Aging Today: What is Lifelong Learning?

The script for this piece originally aired during WFSU’s Aging Today segment.

We tend to think of education as something we do early in life to prepare us for employment, but programs to give educational opportunities to older adults, often referred to as lifelong learning, have a different goal.

Rather than taking courses to gain employment credentials, lifelong learners aim to enhance their quality of life by exploring new ideas, making friends, and staying socially and mentally active.

Lifelong learning programs began more than 50 years ago and now include tens of thousands of programs serving millions of older adults. Their popularity stems from their many benefits. For example, a study comparing lifelong learning participants with non-participants found that the programs improved people’s emotional well-being and their views of aging.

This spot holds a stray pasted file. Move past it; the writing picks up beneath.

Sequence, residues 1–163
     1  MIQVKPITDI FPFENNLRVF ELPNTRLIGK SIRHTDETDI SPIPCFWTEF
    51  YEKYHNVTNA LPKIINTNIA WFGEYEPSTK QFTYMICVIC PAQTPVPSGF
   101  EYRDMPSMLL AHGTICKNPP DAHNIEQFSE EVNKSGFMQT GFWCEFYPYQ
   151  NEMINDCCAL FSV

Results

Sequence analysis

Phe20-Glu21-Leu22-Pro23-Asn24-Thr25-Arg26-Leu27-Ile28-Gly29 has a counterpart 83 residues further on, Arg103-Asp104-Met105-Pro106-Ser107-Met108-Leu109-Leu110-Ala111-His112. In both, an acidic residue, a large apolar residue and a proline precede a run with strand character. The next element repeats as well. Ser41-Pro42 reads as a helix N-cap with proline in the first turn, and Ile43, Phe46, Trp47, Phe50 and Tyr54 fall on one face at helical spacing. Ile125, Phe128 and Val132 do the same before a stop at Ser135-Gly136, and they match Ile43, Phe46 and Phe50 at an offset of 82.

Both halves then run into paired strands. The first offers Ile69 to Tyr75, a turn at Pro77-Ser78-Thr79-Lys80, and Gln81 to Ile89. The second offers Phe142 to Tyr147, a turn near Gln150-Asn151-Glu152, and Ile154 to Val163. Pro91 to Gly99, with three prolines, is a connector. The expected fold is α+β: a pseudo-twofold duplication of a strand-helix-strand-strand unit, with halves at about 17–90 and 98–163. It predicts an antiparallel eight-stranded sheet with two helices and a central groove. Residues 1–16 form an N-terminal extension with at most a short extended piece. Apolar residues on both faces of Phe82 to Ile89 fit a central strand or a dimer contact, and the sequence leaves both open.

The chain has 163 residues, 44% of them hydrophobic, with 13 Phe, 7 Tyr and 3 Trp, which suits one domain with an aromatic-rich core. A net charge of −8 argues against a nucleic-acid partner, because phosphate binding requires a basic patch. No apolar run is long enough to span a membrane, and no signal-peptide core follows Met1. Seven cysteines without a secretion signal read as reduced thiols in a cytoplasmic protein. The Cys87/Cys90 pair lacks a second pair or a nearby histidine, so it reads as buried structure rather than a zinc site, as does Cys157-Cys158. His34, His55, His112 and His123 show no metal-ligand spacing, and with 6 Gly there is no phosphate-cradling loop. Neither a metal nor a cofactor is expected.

Among the most well known of these programs is the Osher Lifelong Learning Institute or OLLI, which includes OLLI at FSU.

Learn more about lifelong learning and OLLI at

WFSU-FM Aging Today

The Pepper Institute on Aging and Public Policy – with support from the Claude Pepper Center, the College of Social Sciences and Public Policy, and Osher Lifelong Learning at FSU – sponsors weekly “Aging Today” segments on 88.9, WFSU-FM NPR. Airing each Tuesday at 3:04pm, the one-minute segments highlight critical aging-related trends, issues, and policies, with an emphasis on social science research

Listen to archives of Aging Today segments at

The featured image is courtesy of OLLI at FSU.

Anne Barrett is Director of the Pepper Institute on Aging and Public Policy and a Professor of Sociology. Her research areas include gender and aging, subjective aging, ageism, and cultural constructions of later life.

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